Alexa Top 100 Accessibility

The following data comes from automated accessibility testing of the Alexa Top 100 US websites (minus the pr0n, search engines, social networks and sites primarily driven from user content) using AQUA and lists their performance from worst to best (based on density of errors per page). This information comes with the important caveat that it is limited to automated testing. That being said, my own experience has been that poor performance in automated accessibility testing is strongly correlated with poor performance in manual accessibility testing as well.

Errors Warnings Pages Tested Avg Per Page (Errors +
Avg. Per Page (Errors Only)
LA Times 75 46 1 121.00 75.00
Wal Mart 23691 9404 500 66.19 47.38
IMDB 22746 35552 496 117.54 45.86
CNN 22255 18354 498 81.54 44.69
Answers 21663 2477 500 48.28 43.33
Roadrunner 183772 131066 4979 63.23 36.91
Huffington Post 17652 2697 499 40.78 35.37
Best Buy 383 1886 12 189.08 31.92
Fox News 11456 5478 361 46.91 31.73
Weather Channel 13868 13035 491 54.79 28.24
Washington Post 12850 19892 464 70.56 27.69
NFL 12104 27059 498 78.64 24.31
CNET 11863 34408 499 92.73 23.77
eHow 3987 1464 199 27.39 20.04
Wall St. Journal 201 243 16 27.75 12.56
New York Times 6085 6458 496 25.29 12.27
Microsoft 4824 15804 431 47.86 11.19
Apple 4690 6705 500 22.79 9.38
Chase 2908 848 361 10.40 8.06
BBC 3823 10364 483 29.37 7.92
PayPal 2992 4822 498 15.69 6.01
AOL 60 56 10 11.60 6.00 833 401 142 8.69 5.87
Netflix 2544 1814 474 9.19 5.37
Verizon Wireless 1447 940 275 8.68 5.26
Comcast 1803 745 368 6.92 4.90
USPS 1158 3289 338 13.16 3.43
Wells Fargo 1176 3831 479 10.45 2.46
UPS 2 272 1 274.00 2.00
Bank of America 489 6316 314 21.67 1.56

Some Definitions

In this context, an “error” is something that was found using a test which us clearly ‘pass/fail’ in nature. Things such as missing alt attributes for images fall into this category.
In this context, a “warning” is something that was found using a test which does not have a clear ‘pass/fail’ criteria but would instead require human inspection to verify.
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  • Posted December 5, 2011 at 6:26 pm   Permalink

    The danger here is that without context, some could look at these stats and make some sweeping judgments about how accessible certain sites are over others. The fact that there is such a variability in the number of pages tested, coupled with the fact that we have no idea about whether pages tested were plain HTML or built using rich internet technologies, or both (which could be within a site or between sites) makes me discomforted with such a ranking without much more information.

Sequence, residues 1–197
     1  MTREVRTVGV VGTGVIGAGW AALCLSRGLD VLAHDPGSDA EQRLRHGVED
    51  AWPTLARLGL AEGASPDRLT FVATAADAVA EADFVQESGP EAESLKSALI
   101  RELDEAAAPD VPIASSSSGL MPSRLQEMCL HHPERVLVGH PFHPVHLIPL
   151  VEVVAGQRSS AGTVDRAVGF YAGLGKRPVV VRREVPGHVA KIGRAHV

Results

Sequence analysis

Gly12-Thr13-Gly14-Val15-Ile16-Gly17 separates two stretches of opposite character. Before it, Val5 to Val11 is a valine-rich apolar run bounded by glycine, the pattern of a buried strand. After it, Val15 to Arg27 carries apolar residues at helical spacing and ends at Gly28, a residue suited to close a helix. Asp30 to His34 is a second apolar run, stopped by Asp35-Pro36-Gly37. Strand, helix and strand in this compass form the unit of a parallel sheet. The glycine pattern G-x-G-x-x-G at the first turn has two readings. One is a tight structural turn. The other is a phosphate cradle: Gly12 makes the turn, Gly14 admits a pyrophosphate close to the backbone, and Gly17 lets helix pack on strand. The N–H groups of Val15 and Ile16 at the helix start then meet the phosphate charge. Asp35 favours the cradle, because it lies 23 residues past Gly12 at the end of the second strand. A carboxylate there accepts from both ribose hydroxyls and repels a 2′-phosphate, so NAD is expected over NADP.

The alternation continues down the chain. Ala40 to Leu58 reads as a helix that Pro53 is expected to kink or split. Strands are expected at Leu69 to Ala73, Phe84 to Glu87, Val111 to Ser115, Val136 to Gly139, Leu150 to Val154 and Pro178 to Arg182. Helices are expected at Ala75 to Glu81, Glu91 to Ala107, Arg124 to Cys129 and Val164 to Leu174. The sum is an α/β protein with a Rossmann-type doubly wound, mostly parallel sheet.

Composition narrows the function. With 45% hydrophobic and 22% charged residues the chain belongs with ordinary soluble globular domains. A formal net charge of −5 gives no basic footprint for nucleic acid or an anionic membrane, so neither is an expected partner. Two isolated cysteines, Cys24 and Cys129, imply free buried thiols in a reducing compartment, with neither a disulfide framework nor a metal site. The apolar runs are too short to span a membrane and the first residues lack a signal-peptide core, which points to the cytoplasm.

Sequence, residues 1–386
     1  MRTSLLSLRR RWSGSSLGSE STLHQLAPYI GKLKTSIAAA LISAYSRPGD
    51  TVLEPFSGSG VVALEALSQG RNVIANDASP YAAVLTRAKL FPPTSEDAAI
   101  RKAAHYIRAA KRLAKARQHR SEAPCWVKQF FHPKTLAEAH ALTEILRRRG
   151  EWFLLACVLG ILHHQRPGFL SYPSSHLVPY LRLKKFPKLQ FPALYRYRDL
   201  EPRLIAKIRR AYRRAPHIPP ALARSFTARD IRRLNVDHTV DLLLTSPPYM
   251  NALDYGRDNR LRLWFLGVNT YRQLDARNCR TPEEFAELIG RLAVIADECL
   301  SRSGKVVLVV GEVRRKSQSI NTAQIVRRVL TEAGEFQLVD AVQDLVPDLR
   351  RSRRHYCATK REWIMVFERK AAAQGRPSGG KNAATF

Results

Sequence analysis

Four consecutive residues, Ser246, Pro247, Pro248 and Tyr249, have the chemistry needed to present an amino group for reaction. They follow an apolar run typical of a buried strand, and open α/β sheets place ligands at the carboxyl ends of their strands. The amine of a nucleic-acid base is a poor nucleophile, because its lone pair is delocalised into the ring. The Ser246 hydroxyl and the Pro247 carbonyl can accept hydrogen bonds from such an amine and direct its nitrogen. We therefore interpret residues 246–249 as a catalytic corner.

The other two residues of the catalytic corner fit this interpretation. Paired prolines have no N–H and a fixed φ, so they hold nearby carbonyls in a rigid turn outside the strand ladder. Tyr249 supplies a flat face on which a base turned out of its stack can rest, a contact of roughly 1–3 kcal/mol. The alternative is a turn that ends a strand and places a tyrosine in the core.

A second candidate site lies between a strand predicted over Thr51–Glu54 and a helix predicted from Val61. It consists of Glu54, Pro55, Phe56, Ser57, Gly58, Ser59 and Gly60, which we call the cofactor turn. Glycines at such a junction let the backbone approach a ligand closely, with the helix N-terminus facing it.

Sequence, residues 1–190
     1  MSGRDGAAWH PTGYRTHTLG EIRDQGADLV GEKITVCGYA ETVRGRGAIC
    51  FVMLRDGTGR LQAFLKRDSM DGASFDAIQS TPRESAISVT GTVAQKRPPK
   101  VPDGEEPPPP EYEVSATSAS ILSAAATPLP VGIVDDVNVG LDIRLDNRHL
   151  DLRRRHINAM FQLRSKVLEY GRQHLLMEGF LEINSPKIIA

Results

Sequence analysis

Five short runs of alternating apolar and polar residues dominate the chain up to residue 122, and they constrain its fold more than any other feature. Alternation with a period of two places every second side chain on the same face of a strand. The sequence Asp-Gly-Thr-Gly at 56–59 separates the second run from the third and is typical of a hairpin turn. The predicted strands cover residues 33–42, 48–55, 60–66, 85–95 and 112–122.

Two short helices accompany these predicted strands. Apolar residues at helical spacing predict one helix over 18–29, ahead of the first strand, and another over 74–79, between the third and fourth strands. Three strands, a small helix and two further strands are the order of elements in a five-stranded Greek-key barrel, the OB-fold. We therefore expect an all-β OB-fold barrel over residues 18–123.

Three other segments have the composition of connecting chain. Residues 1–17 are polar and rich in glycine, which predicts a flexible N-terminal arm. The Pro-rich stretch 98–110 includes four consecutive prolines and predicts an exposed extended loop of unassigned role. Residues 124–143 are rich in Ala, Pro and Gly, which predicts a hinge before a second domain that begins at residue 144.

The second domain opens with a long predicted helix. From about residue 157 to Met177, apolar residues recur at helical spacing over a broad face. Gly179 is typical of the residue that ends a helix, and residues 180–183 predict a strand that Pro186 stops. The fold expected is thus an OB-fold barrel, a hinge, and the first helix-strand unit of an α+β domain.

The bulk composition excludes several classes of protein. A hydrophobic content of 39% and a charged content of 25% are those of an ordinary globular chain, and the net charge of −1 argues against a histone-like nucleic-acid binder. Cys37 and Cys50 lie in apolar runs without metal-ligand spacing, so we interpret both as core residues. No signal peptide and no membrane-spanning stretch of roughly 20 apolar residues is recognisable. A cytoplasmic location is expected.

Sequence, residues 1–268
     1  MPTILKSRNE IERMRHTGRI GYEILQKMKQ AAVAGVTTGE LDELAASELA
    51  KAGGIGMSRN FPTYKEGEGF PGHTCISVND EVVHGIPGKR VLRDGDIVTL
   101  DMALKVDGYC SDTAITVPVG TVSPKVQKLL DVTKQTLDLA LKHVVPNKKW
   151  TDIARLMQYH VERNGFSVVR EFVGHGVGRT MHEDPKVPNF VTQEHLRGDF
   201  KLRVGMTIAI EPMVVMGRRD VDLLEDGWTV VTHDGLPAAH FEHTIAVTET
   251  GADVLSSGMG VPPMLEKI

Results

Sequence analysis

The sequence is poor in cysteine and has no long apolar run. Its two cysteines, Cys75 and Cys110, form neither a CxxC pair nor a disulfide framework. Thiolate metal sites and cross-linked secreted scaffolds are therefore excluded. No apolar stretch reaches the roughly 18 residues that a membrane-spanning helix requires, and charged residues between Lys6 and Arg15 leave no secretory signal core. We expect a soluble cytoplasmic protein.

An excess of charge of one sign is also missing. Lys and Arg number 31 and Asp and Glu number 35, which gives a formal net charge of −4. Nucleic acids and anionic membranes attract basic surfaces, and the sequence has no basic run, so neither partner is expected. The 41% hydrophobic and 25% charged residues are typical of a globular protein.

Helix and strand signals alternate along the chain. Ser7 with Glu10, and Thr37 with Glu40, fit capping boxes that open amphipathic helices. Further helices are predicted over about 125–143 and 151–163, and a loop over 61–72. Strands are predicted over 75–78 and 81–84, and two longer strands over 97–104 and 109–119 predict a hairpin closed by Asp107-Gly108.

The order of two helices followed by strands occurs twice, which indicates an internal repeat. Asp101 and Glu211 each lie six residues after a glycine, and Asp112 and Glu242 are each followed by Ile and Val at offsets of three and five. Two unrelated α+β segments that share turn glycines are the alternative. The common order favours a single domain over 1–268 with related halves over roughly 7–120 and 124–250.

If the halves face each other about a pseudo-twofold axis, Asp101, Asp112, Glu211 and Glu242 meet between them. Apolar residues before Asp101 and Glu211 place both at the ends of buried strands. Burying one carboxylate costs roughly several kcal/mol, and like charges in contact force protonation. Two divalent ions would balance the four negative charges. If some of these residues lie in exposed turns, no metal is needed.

• karlgroves
      Posted December 5, 2011 at 6:33 pm   Permalink

      Jennison, I would concede that in a purely scientific setting it would be important to supply additional details with this data including exactly when testing happened, what tool was used, what tests were performed, exactly which pages were tested, etc. In practice, however, I’ve yet to experience a website who performed poorly in automated testing but performed well in manual or use case testing. The converse, admittedly, can often be true. In the future I plan on doing something that calculates error density-per-page using the document’s size.

      • Posted December 5, 2011 at 6:45 pm   Permalink

        I humbly submit a few questions.
        What tool was used to test these pages?
        How were the pages selected?
        Why such variability in the number of pages tested?
        What were these pages tested against (e.g., WCAG 2.0 AA, Section 508)?

        • karlgroves
          Posted December 5, 2011 at 8:17 pm   Permalink

          I tested these sites (as well as most US Federal Government websites) using AQUA, a tool I’ve been developing for a long time. Over the last year or so, I’ve been working on revamping the way automated testing works – specifically when it comes to speed. The tests weren’t meant to be a test of these sites but rather a test of AQUA’s ability to spider & test rapidly and accurately. I chose these sites because they would be large and complex which afforded me the opportunity to really throttle the spidering capability. I set it to test up to 500 pages per site. Anything less than 500 means that it reached as many pages as it could before experiencing one of any number of items which would cause it to stop (the list of things which would cause it to stop is too numerous and boring to go into here). There’s a weird anomaly with Roadrunner that made it go far beyond 500 on that site. These were tests of WCAG 2.0 AA.

  • Posted December 6, 2011 at 12:27 pm   Permalink

    Hey, finally got to register to this joint. 🙂

    Just meant to say your last sentence really made me smile: “…poor performance in automated testing is strongly correlated with poor performance in manual testing as well.”

    That’s a hell of an understatement. “Strongly” doesn’t even begin to describe it. Even more so – I’d say that on websites where automated testing fails, it’s actually a waste of everybody’s time and money to bother going even further.

    I really feel that until we’ve reached the point where automated testing still fails, there’s no real point in evaluating for anything else. The basics need to be covered first.

  • Posted October 6, 2013 at 1:57 am   Permalink

    Since a lot of my work doing a11y for Postal is still standing 3 years later, and one of my favorite devs of all time is still working it, I’m happy to see that number so low. I have occasionally had some of my students test the site manually for practice and given my results to my friend as well.
    I would think the news sources would get better numbers. I wonder if Al-Jazeera America is better since the site is so much newer and cleaner than the others.
    I know they are nowhere near a top 100 though.

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